Richmond councillor Harold Steves says B.C. NDP's problems extend far beyond who's leading the party
The B.C. NDP has “lost touch with the grassroots”, says one of its former MLAs.
Harold Steves made this observation as he weighed in on the party’s situation following its unexpected election loss last spring.
Steves was a member of the first NDP government during the early '70s.
A cofounder of the Agricultural Land Reserve, the longtime Richmond councillor and defender of farmland is a respected figure in many circles in the province.
“There’s a lot more wrong with the NDP than just Adrian Dix,” Steves told the Straight in a phone interview. “It runs pretty deep.”
After failing to steer New Democrats to victory last May, Dix faces a leadership review in the party’s fall convention.
For Steves, it’s going to take more to fix the NDP’s woes than simply replacing the leader.
“They’ve become totally a parliamentary organization,” he said.
In terms of the party leadership, Steves said that "they're simply invested in political power", and not much else, least of all the building of a grassroots-based movement.
When New Democrats chose a new leader in 2011 following the bitter ouster of Carole James, the Richmond councillor endorsed Port Coquitlam MLA Mike Farnworth.
According to Steves, he “felt that Farnworth might open up the party to more environmentally concerned people, and more to a grassroots movement”.
Farnworth eventually placed second to Dix in the race. If he runs for leader again in a new contest, the Port Coquitlam MLA may no longer be able to count on the support of Steves.
“I would hope that if they have a leadership race today, it would be somebody entirely new,” Steves said, referring to the seven new members of the NDP caucus, who were elected last May 14.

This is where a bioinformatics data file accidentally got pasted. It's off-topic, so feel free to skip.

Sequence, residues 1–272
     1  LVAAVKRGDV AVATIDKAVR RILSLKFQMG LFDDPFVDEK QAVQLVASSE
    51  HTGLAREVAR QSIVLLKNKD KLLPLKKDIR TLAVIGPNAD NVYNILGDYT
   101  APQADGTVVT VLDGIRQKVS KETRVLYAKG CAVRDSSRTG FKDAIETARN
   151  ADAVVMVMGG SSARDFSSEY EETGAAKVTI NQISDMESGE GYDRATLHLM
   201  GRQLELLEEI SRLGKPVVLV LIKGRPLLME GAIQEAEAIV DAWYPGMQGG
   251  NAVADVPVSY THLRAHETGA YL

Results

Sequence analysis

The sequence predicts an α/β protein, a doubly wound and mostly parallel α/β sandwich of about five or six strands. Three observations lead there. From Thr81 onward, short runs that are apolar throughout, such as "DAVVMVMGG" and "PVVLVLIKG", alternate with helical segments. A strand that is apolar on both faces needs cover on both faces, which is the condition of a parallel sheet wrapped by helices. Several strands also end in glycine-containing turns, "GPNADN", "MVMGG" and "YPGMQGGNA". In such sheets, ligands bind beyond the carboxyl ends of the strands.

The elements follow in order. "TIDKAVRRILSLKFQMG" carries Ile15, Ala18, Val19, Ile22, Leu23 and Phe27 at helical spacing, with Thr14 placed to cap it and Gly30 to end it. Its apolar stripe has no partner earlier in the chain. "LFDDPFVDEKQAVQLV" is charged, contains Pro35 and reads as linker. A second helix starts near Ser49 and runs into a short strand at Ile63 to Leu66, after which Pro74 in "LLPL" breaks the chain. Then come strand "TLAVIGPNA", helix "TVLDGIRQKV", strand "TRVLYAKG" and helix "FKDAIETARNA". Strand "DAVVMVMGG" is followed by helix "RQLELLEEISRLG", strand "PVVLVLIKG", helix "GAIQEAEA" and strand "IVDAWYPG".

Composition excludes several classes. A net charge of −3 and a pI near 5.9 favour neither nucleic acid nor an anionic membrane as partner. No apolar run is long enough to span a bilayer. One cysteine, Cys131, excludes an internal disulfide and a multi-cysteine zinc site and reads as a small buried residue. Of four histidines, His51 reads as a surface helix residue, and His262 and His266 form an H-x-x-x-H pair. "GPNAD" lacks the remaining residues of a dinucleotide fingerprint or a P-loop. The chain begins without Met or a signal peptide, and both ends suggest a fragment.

One of them, Vancouver-Fairview MLA George Heyman, “stands out as a potential leader”, Steves said.
Vancouver-Point Grey MLA David Eby and New Westminster MLA Judy Darcy are good as well, Steves added.
Heyman did not grant the Straight an interview last Friday (August 30), citing his busy schedule on that day.
Steves is also hopeful that the new members will have some influence in moving the party toward a stronger environmental advocacy.
“What has been missing from the NDP caucus is a strong environmental presence,” Steves said.
Even though he has a lifetime membership, Steves said that he has distanced himself from the party.
Over the years, he has worked closer with Greens and other people who are passionate on issues such as the preservation of farmland.
As a life member, he is an automatic delegate to the fall convention.
"I'll be going but I don’t hold my breath," Steves said. "If they come up with some new people—and the old guard is prepared to step down and relinquish control over the party and widen our base by involving the membership as a movement rather than as a political machine—then I'm back in."